Autumn is upon us, and winter is right around the corner. If you live in a place with marked seasons but have tile or wood floors in your home, the cold season for you might mean freezing toes for months at a time. Here are some ways to warm up your winter floors.
Check for Drafts
You might think that cold air is likely to come from cracks around your front door or windows, and you are correct. However, there’s a good chance drafts can be coming from around the perimeter of your floors as well, especially if you have an older home or one where carpet was removed to reveal hardwood floors. If you didn’t install quarter-round molding around the baseboards, you might be letting cold air in.
If you feel cold temperatures or even drafts radiating from your tile or wood floors, you may have a crawlspace under your home that is not properly sealed. You can solve this problem by covering the ground with a heavy plastic sheet held down by rocks or bricks. Resist the urge to close vents, though. You need good air flow to prevent significant water damage.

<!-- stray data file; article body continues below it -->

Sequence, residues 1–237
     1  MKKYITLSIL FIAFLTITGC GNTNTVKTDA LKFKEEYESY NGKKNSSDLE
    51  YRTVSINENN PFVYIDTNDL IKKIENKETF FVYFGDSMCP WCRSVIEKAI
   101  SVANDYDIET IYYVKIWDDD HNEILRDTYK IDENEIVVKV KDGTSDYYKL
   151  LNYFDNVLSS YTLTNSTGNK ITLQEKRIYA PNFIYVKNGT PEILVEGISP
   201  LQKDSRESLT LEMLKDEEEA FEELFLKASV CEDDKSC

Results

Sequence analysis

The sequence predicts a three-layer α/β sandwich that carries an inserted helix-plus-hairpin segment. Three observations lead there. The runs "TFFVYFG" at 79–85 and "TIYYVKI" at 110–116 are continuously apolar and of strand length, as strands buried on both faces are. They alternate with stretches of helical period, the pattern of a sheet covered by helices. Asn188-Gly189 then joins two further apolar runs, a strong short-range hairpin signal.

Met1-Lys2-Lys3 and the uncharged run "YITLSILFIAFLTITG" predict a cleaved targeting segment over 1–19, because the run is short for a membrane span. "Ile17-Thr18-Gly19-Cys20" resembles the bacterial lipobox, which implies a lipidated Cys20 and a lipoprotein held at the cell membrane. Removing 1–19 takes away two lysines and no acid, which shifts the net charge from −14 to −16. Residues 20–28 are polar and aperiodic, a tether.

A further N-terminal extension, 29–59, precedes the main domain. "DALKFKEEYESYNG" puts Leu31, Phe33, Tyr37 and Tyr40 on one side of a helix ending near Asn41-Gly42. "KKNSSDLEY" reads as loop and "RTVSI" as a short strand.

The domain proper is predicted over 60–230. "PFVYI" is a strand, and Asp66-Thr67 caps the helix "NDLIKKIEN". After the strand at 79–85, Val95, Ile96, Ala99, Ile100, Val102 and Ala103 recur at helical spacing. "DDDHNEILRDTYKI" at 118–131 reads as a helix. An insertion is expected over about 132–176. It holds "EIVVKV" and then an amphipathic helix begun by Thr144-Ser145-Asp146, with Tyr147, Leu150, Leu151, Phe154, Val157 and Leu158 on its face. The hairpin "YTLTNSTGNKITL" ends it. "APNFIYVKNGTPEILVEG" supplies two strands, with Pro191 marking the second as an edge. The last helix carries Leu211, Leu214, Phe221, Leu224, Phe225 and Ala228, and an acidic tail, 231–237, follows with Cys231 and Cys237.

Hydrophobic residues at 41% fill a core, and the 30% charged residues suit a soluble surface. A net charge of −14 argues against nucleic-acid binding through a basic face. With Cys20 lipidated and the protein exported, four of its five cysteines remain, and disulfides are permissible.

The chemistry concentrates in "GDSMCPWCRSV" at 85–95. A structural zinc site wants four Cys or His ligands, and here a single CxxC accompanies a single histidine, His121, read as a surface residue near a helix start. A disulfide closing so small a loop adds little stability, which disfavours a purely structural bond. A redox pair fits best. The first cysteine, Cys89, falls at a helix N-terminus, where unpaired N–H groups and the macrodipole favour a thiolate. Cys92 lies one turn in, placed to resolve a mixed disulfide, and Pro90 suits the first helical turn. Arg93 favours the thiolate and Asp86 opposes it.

It may seem counterintuitive to think about ceiling fans during the winter, but by changing the direction of their blades during the cold season, you can make sure they are pushing warm air that has risen up to the ceiling back down to heat your floors.
You installed tile or wood floors because you wanted to get away from carpet, right? That’s cool, but in the winter time you can make rooms more comfortable by putting down area rugs in walking paths or spaces that see a lot of use. They don’t have to be there permanently; when spring comes around you can roll the carpets back up and stow them until the next winter.
If your home has central heating, you likely have floor vents that spread warm air from the ductwork into your rooms. First, make sure your furniture or other items are not blocking those. It may be tempting to place wet shoes on top of vents, but that’s not going to benefit the occupants of the room. You also can consider vent covers that push the warm air across the floor and into the space instead of shooting it all up to the ceiling.
Doing a little investigation and taking a few simple preventive steps can save you money on your energy bills this winter while making your home more comfortable.